Project MUSE - Theology and the Politics of Christian Human RightsThis article provides a rejoinder to recent historical accounts which trace the origins of international human rights to the work of conservative Christians writing in the s and s. Focusing on the French Catholics usually identified as the architects of Christian human rights theory, I argue that this was neither a unified project, nor an unambiguously conservative one. Instead, I stress the political ambivalence of Christian human rights discourse—the way it defied distinctions between right and left, or liberal and conservative. Project MUSE promotes the creation and dissemination of essential humanities and social science resources through collaboration with libraries, publishers, and scholars worldwide. Forged from a partnership between a university press and a library, Project MUSE is a trusted part of the academic and scholarly community it serves. Built on the Johns Hopkins University Campus.
The Last Utopia: Human Rights in History
Christian human rights
All persons need the natural association of others to exhort, minister, and material exchange among citizens; trigger economic. And these rights were - and still are - applied to different areas of law and righhts. Like other religious organizatio. Free speech and free press laws protect the rights of persons to spe.
Alexander, eds. The person is prophet, and responsible to exhort, Enlightenment writers in Europe and North America grounded rights in human nature and the social contract, e. While medieval Catholics grounded rights in natural law and ancient charte. Foltz.
In a Western historical context, human rights developed as a protective concept to defend the autonomy of individual citizens against threats coming particularly from sovereigns states that would try to over-extend their power into the realm of the private citizen. In the cultural context of Africa, Asia, and Latin America, however, the human rights idea is of a much more emancipatory character. There, it constitutes a struggle for truly universal human dignity through realised rights of the have-nots.
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Samuel Moyn maintains throughout his book an excellent and authentic vigor, demonstrating that the genesis of modern human-rights rhetoric can be found in a largely conservative Christian worldview that took shape in Western Europe as well as in North America in the s. The Roman Catholic Church and transatlantic Protestant circles dominated the public discussion of the new principles in what became the last European golden age for the Christian faith. At the same time, West European governments after World War II, particularly in the ascendant Christian Democratic parties, became more tolerant of public expressions of religious piety. Human rights rose to public prominence in the space opened up by these dual developments of the early Cold War. Moyn argues that human dignity became central to Christian political discourse as early as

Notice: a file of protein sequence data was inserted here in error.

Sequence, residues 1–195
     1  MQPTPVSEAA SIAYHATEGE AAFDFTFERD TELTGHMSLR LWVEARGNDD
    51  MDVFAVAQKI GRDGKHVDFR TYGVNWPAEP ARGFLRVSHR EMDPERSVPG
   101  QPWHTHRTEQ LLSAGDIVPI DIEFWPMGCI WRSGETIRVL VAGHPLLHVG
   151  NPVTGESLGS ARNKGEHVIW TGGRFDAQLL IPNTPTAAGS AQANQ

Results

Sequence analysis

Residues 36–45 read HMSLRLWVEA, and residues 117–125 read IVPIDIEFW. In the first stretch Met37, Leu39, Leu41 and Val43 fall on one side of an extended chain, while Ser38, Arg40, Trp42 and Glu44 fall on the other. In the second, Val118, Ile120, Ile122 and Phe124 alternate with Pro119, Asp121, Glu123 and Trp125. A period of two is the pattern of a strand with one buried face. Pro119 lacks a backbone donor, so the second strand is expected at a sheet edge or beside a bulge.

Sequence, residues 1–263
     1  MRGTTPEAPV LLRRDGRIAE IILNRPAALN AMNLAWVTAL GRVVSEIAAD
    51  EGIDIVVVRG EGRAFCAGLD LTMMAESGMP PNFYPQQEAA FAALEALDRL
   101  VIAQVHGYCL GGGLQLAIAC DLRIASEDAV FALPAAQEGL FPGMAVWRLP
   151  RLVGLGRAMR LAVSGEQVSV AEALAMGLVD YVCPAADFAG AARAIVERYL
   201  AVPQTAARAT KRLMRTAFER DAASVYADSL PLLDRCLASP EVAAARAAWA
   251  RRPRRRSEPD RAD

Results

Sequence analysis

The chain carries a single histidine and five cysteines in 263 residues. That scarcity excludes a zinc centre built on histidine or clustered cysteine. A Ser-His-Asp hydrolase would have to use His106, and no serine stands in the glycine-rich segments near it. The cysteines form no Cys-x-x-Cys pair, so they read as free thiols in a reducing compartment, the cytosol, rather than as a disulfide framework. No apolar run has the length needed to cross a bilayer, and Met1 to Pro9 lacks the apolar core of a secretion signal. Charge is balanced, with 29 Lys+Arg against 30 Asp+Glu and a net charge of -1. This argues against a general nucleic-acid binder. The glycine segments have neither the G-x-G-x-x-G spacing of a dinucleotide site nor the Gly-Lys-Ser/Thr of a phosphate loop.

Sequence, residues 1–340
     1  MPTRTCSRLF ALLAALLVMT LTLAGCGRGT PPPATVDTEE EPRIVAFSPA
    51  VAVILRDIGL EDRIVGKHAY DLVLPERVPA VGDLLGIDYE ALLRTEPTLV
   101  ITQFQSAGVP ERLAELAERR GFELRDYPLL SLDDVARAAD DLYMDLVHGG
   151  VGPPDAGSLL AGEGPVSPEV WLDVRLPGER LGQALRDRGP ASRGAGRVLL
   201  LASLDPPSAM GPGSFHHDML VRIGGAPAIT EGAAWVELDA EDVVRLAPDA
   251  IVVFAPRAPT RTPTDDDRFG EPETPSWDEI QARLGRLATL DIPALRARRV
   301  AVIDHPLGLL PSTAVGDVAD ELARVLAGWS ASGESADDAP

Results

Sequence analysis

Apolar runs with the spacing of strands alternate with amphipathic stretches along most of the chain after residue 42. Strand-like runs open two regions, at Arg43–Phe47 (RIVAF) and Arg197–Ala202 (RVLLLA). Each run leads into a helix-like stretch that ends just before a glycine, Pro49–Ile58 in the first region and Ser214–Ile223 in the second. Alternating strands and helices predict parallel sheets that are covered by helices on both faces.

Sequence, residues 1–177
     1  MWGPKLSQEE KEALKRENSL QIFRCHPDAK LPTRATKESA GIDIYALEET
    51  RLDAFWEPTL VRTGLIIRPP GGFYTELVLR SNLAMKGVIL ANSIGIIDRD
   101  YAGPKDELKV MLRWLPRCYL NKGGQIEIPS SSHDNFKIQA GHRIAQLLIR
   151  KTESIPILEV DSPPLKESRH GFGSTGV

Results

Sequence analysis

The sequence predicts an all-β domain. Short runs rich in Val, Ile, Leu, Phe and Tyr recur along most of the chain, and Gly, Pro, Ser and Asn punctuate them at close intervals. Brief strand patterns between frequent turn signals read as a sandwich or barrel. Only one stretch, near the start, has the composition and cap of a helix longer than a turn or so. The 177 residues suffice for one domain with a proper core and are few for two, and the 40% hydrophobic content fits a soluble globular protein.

And these contracts also stipulated the right of the people to elect and change their representatives in government, and to be tried in all cases by a jury of their peers. Healthy and vibrant churches are well situated to serve a number of other important functions within society, and rule in the community. The person is prophet, has condemned the massacres. The state is a universal sovereign; the church is more limited in its membership and reach. None of our church?
Contemporary Political Theory. He outlined a foreign policy focused on the defence and promotion of human rights around the world. It set out an important new agenda for the United States, one which stood in contrast to the singular focus on defeating communism that had characterized so much of post-war American foreign policy. The failure to connect the human rights agenda to Christianity perhaps reflects the widespread assumption that human rights are very much a victory of secular Enlightenment thought. Moyn analyses four such moments of interpretation: the Irish Constitution; the development of the personalist philosophy of French Catholic social theorists such as Jacques Maritain; the historiography of the German Protestant Gerhard Ritter and the role of various Catholic and Protestant movements in the construction of European human rights institutions. In all four of these instances, Moyn brings forth the centrality of human dignity and its emphasis on a particularly Christian understanding of the human person.